The Future of Space Travel

Featured Image: It has been 50 years since Neil Armstrong and Buzz Aldrin became the first humans to land on the moon, on 20 July 1969. But what about today’s efforts to conquer the final frontier?

Wednesday, 24 July 2019, New York, NY – 50 years and four days ago, the aggressive space race between the United States and the Soviet Union culminated in the Apollo 11 mission, when Buzz Aldrin and Neil Armstrong became the first humans to land on the moon. “One small step for a man, one giant leap for mankind”, Armstrong famously said as he bounced around on the lonely gray rock in the sky. That moment, being not just an incredible feat of human determination and skill, but also a firm defeat of the Soviets in the space race, marked a turning point in human space exploration. Fifty years later, we’ve never gone back. But that doesn’t mean we’ve slowed down.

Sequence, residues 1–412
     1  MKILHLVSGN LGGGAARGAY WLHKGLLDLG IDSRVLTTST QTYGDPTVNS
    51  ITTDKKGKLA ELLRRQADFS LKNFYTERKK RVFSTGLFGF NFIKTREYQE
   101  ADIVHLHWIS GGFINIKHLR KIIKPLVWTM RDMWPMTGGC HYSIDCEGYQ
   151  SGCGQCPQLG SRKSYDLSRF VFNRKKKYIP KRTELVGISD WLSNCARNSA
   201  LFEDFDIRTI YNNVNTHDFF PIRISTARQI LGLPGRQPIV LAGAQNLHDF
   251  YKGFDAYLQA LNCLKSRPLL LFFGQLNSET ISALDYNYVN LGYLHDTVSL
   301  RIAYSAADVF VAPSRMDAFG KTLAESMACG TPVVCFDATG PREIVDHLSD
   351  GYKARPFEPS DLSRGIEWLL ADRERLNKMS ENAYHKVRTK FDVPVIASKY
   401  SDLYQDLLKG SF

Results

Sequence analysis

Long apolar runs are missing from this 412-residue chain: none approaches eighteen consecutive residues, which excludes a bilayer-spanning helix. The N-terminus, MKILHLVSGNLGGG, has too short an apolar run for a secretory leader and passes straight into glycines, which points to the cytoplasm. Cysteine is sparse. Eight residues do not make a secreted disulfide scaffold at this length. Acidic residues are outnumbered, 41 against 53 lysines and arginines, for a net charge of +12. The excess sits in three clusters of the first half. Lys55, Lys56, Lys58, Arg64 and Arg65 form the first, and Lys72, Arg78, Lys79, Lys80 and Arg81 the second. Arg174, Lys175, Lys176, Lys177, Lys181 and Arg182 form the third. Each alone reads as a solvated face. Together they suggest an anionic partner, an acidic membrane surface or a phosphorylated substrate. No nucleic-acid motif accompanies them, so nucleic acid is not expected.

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Featured Image: At 8,848 m, Everest is the highest peak on Earth.

Monday, 1 July 2019, New York, NY – Ever since Sir Edmund Hillary of New Zealand, and Tenzing Norgay of Nepal, made the first confirmed summit of Everest in 1953, the dream of climbing Everest has spurred millions of climbers to make the ascent. But recently, Everest has had a problem: severe overcrowding. In this post, we’ll discuss the problems Everest has had with overcrowding, and how this has resulted in some of the deadliest climbing seasons ever. We’ll also discuss the history of the mountain, and some of the most famous bodies that rest on the mountain to this day.

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